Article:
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Police make first arrest under new family violence law

Police make first arrest under new family violence legislation

A 21-year-old Counties Manukau man has been charged with strangulation following a family harm incident on 3 December.

He appeared in the Manukau District Court on Tuesday 4 December, and has been remanded to reappear on 20 December 2018.

Detective Senior Sergeant Ross Ellwood says the arrest is the first under the new family violence legislation that was introduced on Monday.

“The fact it has been used so soon after being introduced shows how important this new legislation will be in preventing family harm and keeping our community safe.

“We know that strangulation is a serious risk marker in family harm situations.

There is obviously significant risk to victims, and it is often a precursor for more serious violence, including homicide,” he says.

“ This new offence carries a maximum 7 year sentence, reflecting the seriousness of this type of offending”.

The victim in this case also gave a video statement.

Victim Video Statements have now been used over 1300 times across the Auckland region.

The new family violence legislation introduced on Monday also includes new law meaning that victims of family violence offending will be entitled to have their Victim Video Statements played in court.

Police will no longer have to apply to court to have these interviews played on behalf of Victims.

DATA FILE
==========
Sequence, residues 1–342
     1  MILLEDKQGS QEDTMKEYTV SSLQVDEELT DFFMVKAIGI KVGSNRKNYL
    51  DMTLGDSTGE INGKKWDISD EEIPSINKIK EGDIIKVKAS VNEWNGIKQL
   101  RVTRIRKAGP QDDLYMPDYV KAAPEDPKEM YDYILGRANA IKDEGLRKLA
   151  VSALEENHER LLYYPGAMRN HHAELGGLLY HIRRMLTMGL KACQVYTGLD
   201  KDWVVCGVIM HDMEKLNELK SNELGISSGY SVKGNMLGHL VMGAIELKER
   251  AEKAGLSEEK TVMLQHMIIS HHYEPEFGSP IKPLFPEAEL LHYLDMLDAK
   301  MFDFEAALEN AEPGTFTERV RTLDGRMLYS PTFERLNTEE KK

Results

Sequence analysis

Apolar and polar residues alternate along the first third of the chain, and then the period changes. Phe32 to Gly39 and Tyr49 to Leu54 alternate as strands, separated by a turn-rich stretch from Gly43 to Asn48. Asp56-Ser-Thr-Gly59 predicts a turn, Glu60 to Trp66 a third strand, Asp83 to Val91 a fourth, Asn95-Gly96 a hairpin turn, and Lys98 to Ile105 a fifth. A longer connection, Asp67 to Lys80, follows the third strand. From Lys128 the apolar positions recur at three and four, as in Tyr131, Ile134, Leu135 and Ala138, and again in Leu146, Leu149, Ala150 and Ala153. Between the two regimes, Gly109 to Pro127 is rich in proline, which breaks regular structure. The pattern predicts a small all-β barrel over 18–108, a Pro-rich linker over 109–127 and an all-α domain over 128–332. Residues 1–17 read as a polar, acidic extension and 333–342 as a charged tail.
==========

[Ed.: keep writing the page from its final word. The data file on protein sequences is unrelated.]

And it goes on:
“This new way of recording a victim’s statement has been a success.

We have seen a vastly improved victim experience, a large reduction in the time taken to take a statement, and a significant improvement in the quality of the evidence Police are gathering”, says Ellwood.



“The new family harm offences, the use of victim video statements, and the law change making it easier to play these statements in court, will help us hold offenders to account.

“Family violence continues to remain a significant issue for far too many New Zealanders and we are committed to reducing the harm it causes,” he says.

Police attend over 100 thousand family harm events a year, and we know that the holiday season can mean higher rates of violence.

Anyone who is experiencing or witnessing family harm is encouraged to speak up and seek help.

As the case is now before the court Police cannot provide further on the specifics of the incident.

ENDS

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